Asked Monday by reporters in Kentucky if he would feel comfortable playing the point going forward, Goodwin said: ““It is different but it’s not something that I mind doing. I don’t mind doing it all and I am not a selfish player. Anything that I can just do for us to get a win, I will do.”
Before we get too high on Goodwin as a shooting guard or too low on him as a point guard there is one important issue to address. In the second half Maryland assigned Dez Wells to Goodwin. Wells, the Xavier transfer, is an NBA level athlete.
Goodwin set Wells up for a big left-to-right crossover dribble and Wells stayed in front of Goodwin who sent an errant pass to a heavily-guarded Nerlens Noel. Goodwin went into his “bored point guard” act for a couple plays and then challenged Wells again. This time it was a left-handed hesitation dribble and explosion down the left side of the paint. Again Wells stayed right with Goodwin who forced up a shot that never had a chance. Maybe Wells is just a Dahntay Jones-type defender. Or maybe Goodwin was tired after playing over 30 (very physical) minutes in his first ever college game. Either way we saw that Goodwin could be stopped.
After the game Calipari lauded Goodwin’s skills but also alluded to the final pair of free throws for Maryland when it was Goodwin who failed to block out the shooter (Alex Len), who got his own rebound and narrowed Kentucky’s lead to 1. Those are the kinds of plays that will age Calipari this season. But NBA scouts won’t get hung up on mental mistakes in November. Scouts want to see the raw skills.
Goodwin looked like an NBA slasher before Wells stopped him. His leaping ability is elite. So is his length. His shooting stroke looks a little young. By that I mean that he’s still flinging the ball with his arm rather than shooting it with his wrist. He nailed his lone 3-point attempt in the game but he showed a concerning mechanic: The Carmelo twist. This is when a shooter twists his trunk during his shot so that his shoulders get pulled away from the rim. Calipari will probably clean that up pretty quick if Goodwin will let him.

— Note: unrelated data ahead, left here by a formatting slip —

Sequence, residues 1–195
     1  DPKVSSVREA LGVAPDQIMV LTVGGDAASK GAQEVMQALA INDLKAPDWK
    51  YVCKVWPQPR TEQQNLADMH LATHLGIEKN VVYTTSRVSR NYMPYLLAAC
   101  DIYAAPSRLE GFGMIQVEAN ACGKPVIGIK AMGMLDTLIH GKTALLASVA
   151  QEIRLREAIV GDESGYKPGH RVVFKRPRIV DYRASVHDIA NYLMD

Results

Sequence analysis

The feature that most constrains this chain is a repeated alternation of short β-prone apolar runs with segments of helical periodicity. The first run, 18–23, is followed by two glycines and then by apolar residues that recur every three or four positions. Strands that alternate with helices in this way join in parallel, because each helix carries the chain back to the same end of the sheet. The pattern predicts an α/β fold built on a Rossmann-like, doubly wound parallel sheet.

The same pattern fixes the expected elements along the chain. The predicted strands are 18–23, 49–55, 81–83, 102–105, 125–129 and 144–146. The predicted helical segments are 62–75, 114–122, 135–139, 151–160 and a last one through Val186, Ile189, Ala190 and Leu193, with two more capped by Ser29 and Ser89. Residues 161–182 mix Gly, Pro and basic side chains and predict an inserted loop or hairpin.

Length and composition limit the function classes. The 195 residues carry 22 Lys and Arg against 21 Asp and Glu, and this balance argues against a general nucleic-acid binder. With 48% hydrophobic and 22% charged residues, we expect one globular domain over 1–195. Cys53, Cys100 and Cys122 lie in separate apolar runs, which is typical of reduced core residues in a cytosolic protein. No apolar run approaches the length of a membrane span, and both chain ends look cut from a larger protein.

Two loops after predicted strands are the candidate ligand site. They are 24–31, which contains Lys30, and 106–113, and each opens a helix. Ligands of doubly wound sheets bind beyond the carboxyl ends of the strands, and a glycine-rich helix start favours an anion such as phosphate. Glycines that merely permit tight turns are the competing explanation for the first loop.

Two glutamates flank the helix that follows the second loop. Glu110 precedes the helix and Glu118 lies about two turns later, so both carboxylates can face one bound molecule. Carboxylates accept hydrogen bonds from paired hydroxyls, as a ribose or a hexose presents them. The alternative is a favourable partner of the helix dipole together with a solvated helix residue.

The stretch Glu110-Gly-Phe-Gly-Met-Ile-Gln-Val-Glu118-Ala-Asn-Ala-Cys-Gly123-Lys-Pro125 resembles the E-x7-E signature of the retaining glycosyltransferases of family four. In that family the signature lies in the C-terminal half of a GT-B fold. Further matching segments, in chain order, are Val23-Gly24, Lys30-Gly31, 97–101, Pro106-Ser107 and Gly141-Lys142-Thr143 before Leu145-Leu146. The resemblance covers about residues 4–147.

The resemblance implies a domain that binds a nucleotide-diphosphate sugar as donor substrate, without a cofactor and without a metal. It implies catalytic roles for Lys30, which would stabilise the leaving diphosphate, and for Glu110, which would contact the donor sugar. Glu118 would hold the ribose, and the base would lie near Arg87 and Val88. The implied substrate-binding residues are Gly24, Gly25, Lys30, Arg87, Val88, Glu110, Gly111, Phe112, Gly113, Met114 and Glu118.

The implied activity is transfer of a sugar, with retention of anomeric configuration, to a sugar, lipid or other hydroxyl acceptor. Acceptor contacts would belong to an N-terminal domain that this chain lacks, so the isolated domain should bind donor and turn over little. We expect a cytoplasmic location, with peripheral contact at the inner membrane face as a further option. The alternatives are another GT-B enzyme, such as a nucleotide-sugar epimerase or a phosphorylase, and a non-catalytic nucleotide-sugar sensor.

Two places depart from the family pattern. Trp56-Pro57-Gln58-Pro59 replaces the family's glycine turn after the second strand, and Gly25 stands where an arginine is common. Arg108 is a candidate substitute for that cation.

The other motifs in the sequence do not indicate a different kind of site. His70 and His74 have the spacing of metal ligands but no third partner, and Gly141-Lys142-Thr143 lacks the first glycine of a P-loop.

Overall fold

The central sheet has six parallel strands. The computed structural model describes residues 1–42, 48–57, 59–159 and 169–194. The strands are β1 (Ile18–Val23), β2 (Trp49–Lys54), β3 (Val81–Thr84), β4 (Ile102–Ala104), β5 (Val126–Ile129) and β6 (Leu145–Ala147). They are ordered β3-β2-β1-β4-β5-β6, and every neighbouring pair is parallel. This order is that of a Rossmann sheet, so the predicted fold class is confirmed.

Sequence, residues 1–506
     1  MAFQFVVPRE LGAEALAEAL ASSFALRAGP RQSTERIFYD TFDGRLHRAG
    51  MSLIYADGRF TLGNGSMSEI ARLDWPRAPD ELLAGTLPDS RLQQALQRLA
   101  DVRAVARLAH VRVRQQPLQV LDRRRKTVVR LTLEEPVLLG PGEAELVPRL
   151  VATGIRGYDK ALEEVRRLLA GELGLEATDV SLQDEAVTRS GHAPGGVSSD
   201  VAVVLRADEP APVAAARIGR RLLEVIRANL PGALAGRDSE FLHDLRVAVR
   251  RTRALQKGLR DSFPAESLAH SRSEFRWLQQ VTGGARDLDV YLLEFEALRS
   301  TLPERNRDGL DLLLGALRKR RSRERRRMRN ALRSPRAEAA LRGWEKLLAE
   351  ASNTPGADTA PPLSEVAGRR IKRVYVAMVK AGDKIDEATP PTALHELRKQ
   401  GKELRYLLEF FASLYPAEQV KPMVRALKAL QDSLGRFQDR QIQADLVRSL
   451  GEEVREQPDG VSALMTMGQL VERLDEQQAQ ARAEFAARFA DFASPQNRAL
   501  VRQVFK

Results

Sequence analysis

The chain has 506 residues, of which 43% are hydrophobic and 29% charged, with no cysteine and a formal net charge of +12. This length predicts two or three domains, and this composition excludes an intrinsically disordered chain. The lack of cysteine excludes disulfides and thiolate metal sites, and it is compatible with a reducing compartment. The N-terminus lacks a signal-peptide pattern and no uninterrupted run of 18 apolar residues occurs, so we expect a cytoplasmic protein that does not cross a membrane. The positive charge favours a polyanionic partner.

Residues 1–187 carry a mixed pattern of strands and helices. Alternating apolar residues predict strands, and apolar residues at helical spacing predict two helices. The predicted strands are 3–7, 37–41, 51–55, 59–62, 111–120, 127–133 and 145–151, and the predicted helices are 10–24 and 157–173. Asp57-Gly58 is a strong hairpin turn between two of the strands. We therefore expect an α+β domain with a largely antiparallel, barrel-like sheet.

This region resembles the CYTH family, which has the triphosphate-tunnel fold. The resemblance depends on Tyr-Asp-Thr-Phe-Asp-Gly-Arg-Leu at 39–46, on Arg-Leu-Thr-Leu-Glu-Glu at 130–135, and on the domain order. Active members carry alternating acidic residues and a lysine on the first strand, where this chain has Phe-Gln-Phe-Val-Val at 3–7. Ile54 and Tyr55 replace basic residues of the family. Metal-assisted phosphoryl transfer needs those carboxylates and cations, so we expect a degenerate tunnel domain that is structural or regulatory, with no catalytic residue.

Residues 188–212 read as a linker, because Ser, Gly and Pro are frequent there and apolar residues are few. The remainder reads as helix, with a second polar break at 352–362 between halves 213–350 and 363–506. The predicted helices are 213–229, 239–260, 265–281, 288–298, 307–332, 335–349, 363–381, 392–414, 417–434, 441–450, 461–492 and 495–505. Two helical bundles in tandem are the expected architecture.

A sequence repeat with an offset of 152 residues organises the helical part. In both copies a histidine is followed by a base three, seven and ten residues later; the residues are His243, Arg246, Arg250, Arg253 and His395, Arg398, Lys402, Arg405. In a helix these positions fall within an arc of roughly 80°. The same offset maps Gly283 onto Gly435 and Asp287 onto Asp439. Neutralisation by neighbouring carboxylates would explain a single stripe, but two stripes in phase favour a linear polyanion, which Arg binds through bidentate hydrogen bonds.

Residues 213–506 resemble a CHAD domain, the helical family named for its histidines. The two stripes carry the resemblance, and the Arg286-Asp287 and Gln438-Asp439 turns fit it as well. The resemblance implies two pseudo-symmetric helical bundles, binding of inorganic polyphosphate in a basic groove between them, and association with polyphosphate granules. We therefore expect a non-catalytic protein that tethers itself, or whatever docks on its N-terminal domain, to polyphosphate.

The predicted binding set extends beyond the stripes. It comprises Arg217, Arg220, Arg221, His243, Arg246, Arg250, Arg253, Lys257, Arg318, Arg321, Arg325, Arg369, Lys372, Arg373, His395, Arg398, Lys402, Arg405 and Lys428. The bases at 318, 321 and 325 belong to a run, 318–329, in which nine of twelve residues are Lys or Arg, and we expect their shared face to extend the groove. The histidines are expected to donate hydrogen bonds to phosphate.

One game into his freshman season Goodwin has our attention.
Will his defense catch up to his offense? Will his shooting stroke be consistent? Can he play the point? Can he score on elite defenders?
Check back and see our analysis of the Kentucky guard as he and the season continue to develop.
Adam Zagoria is a New York Times contributor and Basketball Insider who covers basketball at all levels. He is the author of two books and is an award-winning journalist and filmmaker whose articles have appeared in ESPN The Magazine, SLAM, Sheridan Hoops, Sports Illustrated, Basketball Times and in newspapers nationwide. He also won an Emmy award for his work on the SNY mini-documentary on Syracuse guard Tyus Battle.
A veteran Ultimate Frisbee player, he has competed in numerous National and World Championships and, perhaps more importantly, his teams won the Westchester Summer League (WSL) championships in 2011 and 2013.
He lives in Manhattan with his wife and children.